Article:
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  • Writer's pictureDean Dwyer

Free speech in God's plan and free speech in Satan's plan

Many people I speak to in Christian circles often lament the same issue: the world has a problem with truth.  However, I want to go a step further and say that the world also has a problem with truth-telling and truth-tellers.  The conflict that we see playing out in the world, particularly on university campuses is not, as they believe, a conflict between oppressor and oppressed.  It is a conflict between those who openly espouse lies and those who present truth. However, underpinning all of that, whether people are conscious of it or not, mankind’s relationship to truth really depends on who each individual sees as the highest authority in life: yourself, your government or God.    

 

For those who see themselves as the highest authority and arbiter of truth, at the root of their life is pride.  Pride is viewed as a great sin and rebellion against God because it presumes to possess excellence and glory which belong to God alone, including the right to determine what is true.  Those who display pride are unashamed in their thinking, but Proverbs 11:2 tells a different story: When pride comes, then comes shame; but with the humble is wisdom.  On college campuses, we have been alarmed to see vile antisemitism and accompanying violence, which really has come about due to astounding ignorance, spiritual deception and well-funded social agitators.  On the other hand, pro-Israel supporters have been well-behaved and stand upon truth as the basis of their conviction.  That didn’t happen organically – it is a Biblical principle.  Proverbs 13:10: By pride comes nothing but strife, but with the well-advised is wisdom.  Society has not only been let down by those who are considered future leaders, there has been a stunning lack of leadership displayed by current college presidents and politicians, who all appeared to be lost for ideas on how to address out of control students. 

 

When David ascended to the throne, Psalm 101 speaks of his determination to rule righteously and behave wisely.  In fact, Professor Willem VanGemeren once wrote that “In Europe the psalm came to be known as ‘the prince’s psalm’, owing to the concern for the proper conduct of a Christian magistrate, prince or king.”  Charles Spurgeon recounts a story about a man who would send a copy of Psalm 101 to any official who had done anything wrong.  Imagine if we were to do so today – our printers would run dry of ink!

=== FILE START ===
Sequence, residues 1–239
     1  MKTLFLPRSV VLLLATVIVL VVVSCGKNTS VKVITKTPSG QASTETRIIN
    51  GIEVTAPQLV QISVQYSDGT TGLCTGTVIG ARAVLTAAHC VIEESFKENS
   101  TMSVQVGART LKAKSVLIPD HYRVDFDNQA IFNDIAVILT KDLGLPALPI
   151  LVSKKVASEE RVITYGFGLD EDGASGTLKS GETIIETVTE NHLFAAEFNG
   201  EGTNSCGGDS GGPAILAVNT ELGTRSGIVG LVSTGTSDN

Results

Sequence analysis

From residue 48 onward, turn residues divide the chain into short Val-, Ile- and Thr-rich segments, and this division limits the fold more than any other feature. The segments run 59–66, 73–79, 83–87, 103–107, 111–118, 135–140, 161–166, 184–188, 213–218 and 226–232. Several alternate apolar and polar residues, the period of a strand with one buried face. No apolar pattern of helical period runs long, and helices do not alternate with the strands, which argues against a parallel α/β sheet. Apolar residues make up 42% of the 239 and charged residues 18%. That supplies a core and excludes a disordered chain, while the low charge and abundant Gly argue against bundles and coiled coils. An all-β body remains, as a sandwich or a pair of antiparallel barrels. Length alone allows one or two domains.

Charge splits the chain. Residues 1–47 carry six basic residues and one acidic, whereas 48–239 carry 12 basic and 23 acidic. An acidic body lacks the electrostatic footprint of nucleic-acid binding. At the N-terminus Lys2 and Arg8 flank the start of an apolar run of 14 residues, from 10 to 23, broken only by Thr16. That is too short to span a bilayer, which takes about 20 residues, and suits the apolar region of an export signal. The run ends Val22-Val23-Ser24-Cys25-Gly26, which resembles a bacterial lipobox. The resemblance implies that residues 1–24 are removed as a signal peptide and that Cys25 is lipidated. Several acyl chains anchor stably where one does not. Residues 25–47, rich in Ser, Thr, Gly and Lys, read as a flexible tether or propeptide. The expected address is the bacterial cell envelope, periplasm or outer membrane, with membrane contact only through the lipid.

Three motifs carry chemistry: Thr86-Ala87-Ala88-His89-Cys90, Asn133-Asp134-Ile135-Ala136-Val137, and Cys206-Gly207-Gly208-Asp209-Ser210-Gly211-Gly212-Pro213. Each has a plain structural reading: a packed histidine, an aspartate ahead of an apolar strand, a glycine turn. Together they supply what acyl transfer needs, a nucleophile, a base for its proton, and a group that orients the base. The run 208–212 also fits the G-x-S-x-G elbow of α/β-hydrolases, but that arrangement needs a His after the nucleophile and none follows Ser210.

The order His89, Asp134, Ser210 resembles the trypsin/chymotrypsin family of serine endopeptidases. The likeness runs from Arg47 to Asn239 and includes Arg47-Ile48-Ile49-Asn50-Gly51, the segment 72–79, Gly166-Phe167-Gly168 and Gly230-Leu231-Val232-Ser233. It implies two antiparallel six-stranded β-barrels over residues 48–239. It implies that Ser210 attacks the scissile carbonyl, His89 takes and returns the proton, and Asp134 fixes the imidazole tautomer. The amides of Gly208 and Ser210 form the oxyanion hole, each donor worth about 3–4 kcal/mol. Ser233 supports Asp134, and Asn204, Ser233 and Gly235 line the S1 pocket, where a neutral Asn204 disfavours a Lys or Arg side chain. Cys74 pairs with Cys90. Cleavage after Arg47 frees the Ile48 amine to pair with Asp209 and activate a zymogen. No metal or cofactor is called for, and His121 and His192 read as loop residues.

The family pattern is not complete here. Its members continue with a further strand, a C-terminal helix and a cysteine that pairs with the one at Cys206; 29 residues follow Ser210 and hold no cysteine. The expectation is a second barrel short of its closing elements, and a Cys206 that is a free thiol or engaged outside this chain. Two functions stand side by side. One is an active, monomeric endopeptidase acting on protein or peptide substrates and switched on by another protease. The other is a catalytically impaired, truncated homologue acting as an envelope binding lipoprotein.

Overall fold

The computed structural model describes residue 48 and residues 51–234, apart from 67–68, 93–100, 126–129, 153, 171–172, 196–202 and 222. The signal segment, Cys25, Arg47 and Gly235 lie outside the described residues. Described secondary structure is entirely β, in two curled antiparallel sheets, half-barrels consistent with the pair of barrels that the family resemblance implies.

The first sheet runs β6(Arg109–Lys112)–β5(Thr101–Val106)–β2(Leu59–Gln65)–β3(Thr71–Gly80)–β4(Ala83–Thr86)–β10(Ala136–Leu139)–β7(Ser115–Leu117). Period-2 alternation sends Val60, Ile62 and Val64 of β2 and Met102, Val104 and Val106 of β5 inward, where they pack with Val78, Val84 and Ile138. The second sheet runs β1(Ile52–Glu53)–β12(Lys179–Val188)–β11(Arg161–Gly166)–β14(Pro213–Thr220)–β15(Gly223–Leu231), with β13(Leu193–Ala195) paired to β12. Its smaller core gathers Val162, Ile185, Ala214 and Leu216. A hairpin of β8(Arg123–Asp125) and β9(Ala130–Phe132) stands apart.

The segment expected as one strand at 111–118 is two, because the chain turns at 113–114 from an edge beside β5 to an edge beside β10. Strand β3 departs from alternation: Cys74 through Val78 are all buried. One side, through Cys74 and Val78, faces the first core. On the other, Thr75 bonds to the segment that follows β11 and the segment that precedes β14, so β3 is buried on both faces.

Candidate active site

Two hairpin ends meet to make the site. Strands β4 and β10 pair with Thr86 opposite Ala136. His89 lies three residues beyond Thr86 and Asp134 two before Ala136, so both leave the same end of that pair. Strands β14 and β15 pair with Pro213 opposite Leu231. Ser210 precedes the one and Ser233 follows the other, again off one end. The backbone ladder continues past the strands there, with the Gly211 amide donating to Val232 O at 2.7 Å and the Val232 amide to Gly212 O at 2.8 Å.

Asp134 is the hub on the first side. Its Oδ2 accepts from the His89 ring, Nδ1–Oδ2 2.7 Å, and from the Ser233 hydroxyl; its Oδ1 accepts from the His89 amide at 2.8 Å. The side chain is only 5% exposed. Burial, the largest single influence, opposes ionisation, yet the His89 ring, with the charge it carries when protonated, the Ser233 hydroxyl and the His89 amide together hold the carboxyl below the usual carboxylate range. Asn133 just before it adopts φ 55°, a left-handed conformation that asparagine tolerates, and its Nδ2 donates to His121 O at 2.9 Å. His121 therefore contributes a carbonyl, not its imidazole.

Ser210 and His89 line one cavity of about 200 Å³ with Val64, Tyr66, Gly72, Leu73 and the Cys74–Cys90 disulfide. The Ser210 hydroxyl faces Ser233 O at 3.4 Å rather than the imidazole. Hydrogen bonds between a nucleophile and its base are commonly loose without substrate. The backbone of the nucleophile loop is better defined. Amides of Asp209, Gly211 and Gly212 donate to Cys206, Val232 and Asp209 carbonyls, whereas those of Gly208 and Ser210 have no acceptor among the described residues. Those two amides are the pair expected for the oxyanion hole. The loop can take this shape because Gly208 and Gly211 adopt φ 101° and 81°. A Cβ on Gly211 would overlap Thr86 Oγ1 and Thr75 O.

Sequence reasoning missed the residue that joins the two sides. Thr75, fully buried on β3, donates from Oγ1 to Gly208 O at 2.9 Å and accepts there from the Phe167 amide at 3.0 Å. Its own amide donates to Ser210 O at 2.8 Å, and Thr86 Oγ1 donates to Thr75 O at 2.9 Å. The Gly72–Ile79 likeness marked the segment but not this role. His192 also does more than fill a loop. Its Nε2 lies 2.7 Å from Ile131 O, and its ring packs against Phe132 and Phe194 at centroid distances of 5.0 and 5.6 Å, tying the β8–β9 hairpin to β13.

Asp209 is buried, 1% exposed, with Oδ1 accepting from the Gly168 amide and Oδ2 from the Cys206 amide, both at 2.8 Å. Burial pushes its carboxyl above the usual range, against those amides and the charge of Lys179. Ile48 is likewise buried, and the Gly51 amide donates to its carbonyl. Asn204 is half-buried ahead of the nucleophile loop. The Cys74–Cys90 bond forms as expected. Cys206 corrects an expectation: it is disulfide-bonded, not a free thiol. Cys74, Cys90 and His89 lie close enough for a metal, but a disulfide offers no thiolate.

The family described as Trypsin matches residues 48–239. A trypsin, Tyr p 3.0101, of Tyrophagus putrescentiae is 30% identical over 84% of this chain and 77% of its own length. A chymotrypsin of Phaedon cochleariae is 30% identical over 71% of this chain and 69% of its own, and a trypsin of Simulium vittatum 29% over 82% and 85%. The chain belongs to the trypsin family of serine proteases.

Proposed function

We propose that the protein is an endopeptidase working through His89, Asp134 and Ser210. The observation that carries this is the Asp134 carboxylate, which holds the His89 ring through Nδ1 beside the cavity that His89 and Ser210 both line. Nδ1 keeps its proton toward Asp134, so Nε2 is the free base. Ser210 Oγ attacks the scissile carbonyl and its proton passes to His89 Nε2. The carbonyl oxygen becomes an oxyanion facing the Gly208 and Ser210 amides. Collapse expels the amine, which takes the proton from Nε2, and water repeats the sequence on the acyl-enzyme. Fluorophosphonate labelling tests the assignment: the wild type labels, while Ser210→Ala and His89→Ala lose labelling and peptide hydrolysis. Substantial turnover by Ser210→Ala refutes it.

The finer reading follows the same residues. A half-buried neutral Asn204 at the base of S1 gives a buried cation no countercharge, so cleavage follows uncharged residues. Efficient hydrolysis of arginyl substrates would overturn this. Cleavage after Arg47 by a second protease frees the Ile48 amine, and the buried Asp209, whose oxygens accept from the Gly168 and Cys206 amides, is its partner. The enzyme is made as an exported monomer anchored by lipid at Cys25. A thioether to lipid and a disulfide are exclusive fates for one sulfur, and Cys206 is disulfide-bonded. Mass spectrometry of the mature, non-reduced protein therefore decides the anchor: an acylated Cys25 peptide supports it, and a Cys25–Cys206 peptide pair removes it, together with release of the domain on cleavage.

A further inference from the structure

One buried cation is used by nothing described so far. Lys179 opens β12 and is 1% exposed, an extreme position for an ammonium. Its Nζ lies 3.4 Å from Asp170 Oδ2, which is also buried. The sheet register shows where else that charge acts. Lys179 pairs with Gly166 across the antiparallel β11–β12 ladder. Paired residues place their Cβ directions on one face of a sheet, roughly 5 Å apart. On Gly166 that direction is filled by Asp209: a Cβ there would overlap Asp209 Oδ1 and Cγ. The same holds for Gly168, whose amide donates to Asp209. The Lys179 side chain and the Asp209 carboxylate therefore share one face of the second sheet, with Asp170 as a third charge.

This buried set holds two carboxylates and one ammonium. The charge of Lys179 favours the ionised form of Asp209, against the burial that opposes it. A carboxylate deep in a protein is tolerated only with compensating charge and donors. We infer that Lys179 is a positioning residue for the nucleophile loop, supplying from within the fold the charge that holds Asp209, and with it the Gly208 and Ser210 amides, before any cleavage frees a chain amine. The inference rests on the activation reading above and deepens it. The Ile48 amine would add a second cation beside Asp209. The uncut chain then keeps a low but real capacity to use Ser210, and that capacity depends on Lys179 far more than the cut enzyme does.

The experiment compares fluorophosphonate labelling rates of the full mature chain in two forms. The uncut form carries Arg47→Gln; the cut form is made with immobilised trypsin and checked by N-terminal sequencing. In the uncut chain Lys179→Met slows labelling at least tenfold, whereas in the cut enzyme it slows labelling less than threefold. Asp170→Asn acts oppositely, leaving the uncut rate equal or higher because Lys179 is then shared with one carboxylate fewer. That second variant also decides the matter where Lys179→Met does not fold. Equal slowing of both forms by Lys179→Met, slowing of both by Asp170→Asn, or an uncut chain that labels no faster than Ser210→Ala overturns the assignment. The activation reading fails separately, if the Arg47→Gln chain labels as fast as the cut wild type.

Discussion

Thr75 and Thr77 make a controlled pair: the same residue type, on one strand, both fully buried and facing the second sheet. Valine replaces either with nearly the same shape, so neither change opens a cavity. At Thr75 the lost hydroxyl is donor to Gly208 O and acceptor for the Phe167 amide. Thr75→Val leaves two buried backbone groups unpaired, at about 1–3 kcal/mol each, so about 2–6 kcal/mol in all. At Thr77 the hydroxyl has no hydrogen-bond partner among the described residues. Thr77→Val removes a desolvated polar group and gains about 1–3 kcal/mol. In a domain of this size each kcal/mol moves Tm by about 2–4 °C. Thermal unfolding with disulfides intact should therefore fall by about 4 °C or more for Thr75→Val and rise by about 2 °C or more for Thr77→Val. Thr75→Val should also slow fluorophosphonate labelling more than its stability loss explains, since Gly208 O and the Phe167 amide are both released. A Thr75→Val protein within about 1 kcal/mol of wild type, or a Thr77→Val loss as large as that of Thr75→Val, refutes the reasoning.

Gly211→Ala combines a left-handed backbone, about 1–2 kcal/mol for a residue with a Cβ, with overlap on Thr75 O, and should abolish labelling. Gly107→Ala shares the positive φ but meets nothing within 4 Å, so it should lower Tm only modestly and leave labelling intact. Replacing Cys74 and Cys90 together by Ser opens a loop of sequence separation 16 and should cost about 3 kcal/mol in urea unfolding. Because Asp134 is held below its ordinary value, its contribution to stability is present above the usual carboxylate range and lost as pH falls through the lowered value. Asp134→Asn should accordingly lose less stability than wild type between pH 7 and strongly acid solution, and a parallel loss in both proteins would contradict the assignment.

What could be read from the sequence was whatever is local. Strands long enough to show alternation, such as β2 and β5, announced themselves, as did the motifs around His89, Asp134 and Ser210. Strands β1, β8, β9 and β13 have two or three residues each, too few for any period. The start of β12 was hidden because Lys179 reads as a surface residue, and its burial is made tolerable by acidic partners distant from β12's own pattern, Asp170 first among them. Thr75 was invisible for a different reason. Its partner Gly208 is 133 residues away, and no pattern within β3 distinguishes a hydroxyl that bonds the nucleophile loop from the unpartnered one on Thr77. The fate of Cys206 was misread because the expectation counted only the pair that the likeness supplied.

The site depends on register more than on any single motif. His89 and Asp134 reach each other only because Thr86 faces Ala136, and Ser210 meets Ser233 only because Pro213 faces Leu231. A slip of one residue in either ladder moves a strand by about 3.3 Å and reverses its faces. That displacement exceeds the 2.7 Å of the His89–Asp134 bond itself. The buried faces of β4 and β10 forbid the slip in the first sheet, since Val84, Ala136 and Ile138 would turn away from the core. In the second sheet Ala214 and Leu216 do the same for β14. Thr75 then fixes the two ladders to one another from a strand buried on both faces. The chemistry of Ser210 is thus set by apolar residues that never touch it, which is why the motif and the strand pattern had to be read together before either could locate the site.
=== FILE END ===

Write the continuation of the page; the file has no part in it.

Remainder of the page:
In the context of this article, I want you to notice verse 5 of Psalm 101: Whoever secretly slanders his neighbour, him I will destroy; the one who has a haughty look and a proud heart, him I will not endure.  David would not tolerate such attitudes and behaviour in his royal court.  Yet, our governments are full of such people and those same political leaders are indulging the ignorance, falsehood and propaganda of anti-Jewish protestors.  As frustrating as this is to witness, it should not come as a surprise.  After all, a perverse heart is a twisted heart and a twisted heart produces a deceitful tongue.  Proverbs 17:20: He who has a deceitful heart finds no good, and he who has a perverse tongue falls into evil.  

 

Now, this brings me to the point of my article – free speech.  In an age of censorship, it is becoming a hot topic, particularly given the collaboration by Western nations to introduce limitations on what they consider misinformation and disinformation.  But how should believers approach the issue of speech, particularly in the public domain?  It must be said that our communication style is very much connected to our nature.  We often qualify that based on our level of education, upbringing, interests and so forth.  But although those factors influence our speech, the substance of our speech is connected to our spiritual condition.  Because the sinner is spiritually dead, only death can come out of their mouth.  Satan’s version of free speech is designed to tear people down, spread lies, invoke violence against God’s chosen people (Israel) and destroy the witness of the church.